in response to estimating the actual ratio, generating the controlled rate at which the data samples are to be passed from the set of data storage registers and outputting the data samples at the second rate.
24. A method, according to claim 23, wherein estimating the actual ratio between the first rate and the second rate includes monitoring the first rate and the quantity of the data samples that are stored in the input buffer.
25. A communications system, comprising:
a plurality of signal generators, each signal generator providing an input signal at an output port of the signal generator;
for each of the signal generators, a data sampling conversion arrangement including
an input buffer circuit having a set of status storage registers arranged to receive data samples from the input signal at a variable rate, the data samples being received at a first rate according to a first clock signal,
a current capacity signal generated by the input buffer circuit and indicative of current use of the set of data storage registers,
a data clocking circuit arranged to generate a second clock signal,
a ratio estimation circuit arranged to respond to the current capacity signal by providing an estimate of the actual ratio between the first rate and a second rate defined in synchronism the second clock signal,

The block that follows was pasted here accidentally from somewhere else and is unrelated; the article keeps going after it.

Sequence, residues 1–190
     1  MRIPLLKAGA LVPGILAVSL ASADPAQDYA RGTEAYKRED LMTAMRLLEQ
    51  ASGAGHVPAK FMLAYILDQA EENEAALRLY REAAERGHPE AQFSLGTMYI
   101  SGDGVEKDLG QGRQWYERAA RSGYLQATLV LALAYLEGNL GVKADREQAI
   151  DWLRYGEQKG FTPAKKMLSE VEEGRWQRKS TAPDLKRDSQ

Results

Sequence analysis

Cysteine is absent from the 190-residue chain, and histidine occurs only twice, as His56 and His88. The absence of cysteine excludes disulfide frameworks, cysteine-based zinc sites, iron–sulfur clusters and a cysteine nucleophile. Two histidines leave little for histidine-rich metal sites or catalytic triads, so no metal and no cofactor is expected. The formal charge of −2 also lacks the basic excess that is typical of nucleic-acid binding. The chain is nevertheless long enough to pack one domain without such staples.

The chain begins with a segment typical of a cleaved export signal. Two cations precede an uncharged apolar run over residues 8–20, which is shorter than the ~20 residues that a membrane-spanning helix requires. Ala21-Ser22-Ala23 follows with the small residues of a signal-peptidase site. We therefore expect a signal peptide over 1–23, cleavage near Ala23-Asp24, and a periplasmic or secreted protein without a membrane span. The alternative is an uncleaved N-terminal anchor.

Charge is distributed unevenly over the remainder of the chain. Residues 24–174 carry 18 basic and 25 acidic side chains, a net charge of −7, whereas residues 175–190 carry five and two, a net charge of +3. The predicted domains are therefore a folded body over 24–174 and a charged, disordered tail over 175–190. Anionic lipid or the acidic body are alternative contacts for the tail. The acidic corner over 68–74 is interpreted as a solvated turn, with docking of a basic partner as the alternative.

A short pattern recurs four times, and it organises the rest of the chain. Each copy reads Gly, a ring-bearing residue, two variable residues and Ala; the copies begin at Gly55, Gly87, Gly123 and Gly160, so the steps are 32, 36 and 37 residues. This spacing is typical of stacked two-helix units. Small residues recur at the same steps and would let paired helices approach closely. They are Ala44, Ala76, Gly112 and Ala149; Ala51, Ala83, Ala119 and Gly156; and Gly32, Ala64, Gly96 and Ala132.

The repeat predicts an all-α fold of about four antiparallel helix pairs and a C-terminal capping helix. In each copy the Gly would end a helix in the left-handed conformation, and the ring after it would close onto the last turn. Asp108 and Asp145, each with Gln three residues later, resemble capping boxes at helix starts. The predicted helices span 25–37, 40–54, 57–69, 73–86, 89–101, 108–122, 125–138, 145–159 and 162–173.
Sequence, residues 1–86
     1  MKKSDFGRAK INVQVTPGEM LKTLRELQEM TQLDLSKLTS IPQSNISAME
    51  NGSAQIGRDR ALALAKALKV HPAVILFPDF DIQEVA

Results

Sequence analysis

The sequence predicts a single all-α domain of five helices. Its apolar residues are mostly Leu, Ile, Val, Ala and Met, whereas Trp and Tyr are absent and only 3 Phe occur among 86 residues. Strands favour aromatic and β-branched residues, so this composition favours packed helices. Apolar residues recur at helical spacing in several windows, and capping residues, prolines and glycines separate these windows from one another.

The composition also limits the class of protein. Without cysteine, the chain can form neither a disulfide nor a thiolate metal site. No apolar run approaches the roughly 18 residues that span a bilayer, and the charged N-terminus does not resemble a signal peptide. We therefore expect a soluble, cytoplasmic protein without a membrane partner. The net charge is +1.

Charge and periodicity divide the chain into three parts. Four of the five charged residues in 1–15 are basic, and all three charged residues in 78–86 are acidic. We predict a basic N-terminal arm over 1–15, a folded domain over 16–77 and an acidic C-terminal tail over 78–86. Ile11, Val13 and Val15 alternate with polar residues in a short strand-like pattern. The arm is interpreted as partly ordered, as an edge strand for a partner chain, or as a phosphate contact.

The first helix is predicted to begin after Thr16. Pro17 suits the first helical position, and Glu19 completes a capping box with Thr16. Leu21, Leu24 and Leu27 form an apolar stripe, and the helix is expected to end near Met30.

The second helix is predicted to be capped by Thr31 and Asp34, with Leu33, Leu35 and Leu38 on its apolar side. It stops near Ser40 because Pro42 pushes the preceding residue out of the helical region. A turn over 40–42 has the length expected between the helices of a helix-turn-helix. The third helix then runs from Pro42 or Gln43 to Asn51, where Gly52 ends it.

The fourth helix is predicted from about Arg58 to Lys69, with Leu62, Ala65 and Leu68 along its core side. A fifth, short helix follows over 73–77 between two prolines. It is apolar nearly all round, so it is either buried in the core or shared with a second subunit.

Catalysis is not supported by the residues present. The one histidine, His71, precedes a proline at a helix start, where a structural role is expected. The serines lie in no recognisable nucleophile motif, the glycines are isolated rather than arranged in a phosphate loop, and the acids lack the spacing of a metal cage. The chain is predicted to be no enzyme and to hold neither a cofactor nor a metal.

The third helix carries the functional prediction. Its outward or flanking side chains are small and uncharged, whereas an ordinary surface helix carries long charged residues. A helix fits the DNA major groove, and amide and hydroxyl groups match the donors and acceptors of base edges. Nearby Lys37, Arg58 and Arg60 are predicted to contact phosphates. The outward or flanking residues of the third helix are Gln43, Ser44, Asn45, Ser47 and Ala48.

a control circuit response to at least one of the first and second clock signals and to the ratio estimation circuit and arranged to control a variable rate at which the data storage registers pass the received data samples, and
a signal conditioning circuit arranged and constructed to respond to the data samples passed by the data storage registers and to provide an output signal in response thereto having a second rate defined in synchronism with the second clock signal; and
a multiplexer, responsive to the signal conditioning circuit, arranged to pass the output signal for one of the signal generators according to an established protocol.
26. A communication system, according to claim 25, wherein the signal conditioning circuit includes a filter.
27. A communication system, according to claim 25, wherein the signal generator generates the input signal as representing audio data.
28. A communication system, according to claim 25, wherein the second rate is greater than the first rate.
29. A communication system, according to claim 25, wherein the audio data is generated at the output port of a signal generator in analog form.
30. A communication system, according to claim 25, wherein the set of data storage registers is arranged to provide first-in-first-out access to the received data samples.
31. A communication system, according to claim 25, wherein the ratio estimation circuit provides the ratio signal as a function of the current capacity signal and the first rate.
32. A communication system, according to claim 25, wherein the control circuit includes an accumulator arranged to accumulate the value corresponding to the estimate of the ratio of sampling rates and further includes a detection circuit arranged to respond to the accumulator exceeding a threshold level by indicating that the input buffer circuit is to pass at least one of the received data samples.
Description
FIELD OF THE INVENTION